You are warmly invited to our guest webinar with Dr Kateryna Busol (Fellow, Chatham House) to discuss the international and domestic legal steps Ukraine has taken in the context of the Russia-Ukraine conflict.
The invasion and occupation by Russia of Ukraine’s Crimean peninsula since 2014 and the Russia-supported separatist hostilities in the east of the country have resulted in 13,000 deaths, 1.5 million internally displaced persons, and mass human rights abuses. The alleged violations of international law in Crimea and eastern Ukraine differ. Crimea has become notorious for the politically-motivated persecution of ethnic Ukrainians and Muslim Crimean Tatars, Ukraine’s indigenous people of the peninsula, for their opposition to the occupation. The connected allegations of torture, inhuman treatment, enforced disappearances, unlawful detentions and sham trials have followed. The Russian occupying authorities also enforce a policy of mass naturalisation and appropriation of public and private property in Crimea. Given the ongoing hostilities, the crimes perpetrated in eastern Ukraine include indiscriminate shelling, attacks on protected objects, and sexual and gender-based violence.
Ukraine is struggling in its efforts to hold Russia accountable – either as a state or through individual criminal responsibility – as it cannot unilaterally ask any international court to give an overall judgment on the conflict. Instead, it has appealed to a variety of courts and arbitral tribunals, including the International Court of Justice and the International Criminal Court. At the same time, Ukraine has embarked on an unprecedented journey of domestic legislative and institutional reforms – both to enhance its international adjudication efforts and, more importantly, to make justice at home possible. The seminar will assess Ukraine’s international lawfare strategy and its domestic backing. It will also pay separate attention to the violations against cultural property, which turned out to be particularly challenging for investigation and prosecution in Ukraine.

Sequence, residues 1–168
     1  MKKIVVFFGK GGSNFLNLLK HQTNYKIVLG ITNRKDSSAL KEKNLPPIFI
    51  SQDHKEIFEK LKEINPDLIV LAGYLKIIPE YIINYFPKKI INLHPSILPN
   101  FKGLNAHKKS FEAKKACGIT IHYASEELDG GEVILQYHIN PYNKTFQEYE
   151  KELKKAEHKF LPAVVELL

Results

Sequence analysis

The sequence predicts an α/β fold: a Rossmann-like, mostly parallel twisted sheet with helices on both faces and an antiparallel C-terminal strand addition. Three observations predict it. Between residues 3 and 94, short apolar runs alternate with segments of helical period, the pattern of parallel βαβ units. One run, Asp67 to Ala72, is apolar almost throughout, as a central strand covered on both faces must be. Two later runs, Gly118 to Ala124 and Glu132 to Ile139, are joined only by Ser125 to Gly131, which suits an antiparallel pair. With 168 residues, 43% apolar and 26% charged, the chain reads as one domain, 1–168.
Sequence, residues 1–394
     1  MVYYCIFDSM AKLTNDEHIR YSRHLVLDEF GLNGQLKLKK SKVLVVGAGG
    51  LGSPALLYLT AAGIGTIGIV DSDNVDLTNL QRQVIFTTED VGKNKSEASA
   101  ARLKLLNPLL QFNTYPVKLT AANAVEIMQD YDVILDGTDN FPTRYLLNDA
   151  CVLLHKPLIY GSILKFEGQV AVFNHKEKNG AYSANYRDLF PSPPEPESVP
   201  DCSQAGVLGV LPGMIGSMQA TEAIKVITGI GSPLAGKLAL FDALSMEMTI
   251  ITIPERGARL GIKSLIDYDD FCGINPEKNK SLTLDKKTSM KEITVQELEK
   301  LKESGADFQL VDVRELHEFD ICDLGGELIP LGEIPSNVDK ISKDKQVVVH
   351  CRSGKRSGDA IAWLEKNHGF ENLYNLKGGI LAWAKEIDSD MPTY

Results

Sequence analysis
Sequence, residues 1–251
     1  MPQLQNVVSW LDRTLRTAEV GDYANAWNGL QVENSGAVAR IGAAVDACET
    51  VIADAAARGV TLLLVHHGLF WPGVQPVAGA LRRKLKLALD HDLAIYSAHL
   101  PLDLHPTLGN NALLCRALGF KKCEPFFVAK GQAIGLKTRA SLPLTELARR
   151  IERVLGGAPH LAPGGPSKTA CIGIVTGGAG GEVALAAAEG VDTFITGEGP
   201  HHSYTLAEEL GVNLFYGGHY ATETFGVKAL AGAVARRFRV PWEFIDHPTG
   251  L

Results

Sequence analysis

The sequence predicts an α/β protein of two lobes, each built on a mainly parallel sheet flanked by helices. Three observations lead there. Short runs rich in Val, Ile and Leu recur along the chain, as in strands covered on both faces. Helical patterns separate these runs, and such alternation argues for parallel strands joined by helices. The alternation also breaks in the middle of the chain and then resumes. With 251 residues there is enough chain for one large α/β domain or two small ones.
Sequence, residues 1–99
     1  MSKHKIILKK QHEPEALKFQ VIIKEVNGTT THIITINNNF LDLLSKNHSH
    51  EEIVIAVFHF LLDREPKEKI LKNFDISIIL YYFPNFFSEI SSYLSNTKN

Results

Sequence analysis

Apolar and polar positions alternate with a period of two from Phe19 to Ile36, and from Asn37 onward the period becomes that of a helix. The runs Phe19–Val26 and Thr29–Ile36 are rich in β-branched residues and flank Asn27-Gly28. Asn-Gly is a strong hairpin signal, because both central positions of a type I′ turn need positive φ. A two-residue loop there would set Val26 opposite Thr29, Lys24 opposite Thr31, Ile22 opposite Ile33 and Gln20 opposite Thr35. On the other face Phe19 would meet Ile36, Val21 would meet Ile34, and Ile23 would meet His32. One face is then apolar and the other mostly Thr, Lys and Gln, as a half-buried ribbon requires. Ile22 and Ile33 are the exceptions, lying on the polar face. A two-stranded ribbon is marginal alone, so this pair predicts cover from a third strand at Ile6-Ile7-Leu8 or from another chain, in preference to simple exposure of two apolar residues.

Dr Kateryna Busol is a fellow of Chatham House, researching the viable options for Ukraine’s transitional justice policy. She is a Ukrainian lawyer specialising in international human rights, humanitarian and criminal law. After a brief period of corporate work for KPMG and Clifford Chance and with the outbreak of armed conflicts in Ukraine, Kateryna resumed her practice in public international law. She consulted the Ukrainian side on the Scythian Gold case. In 2015-2019 Kateryna worked for Global Rights Compliance (GRC). Within GRC, she consulted Ukrainian state actors and NGOs on the best practices of investigating and prosecuting international crimes and on the cooperation with the International Criminal Court (ICC). Previously, Kateryna was a fellow at the Kennan Institute and a Visiting Professional at the ICC.
This interesting event will happen virtually, on Zoom platform on Wednesday 27 May at 3pm.
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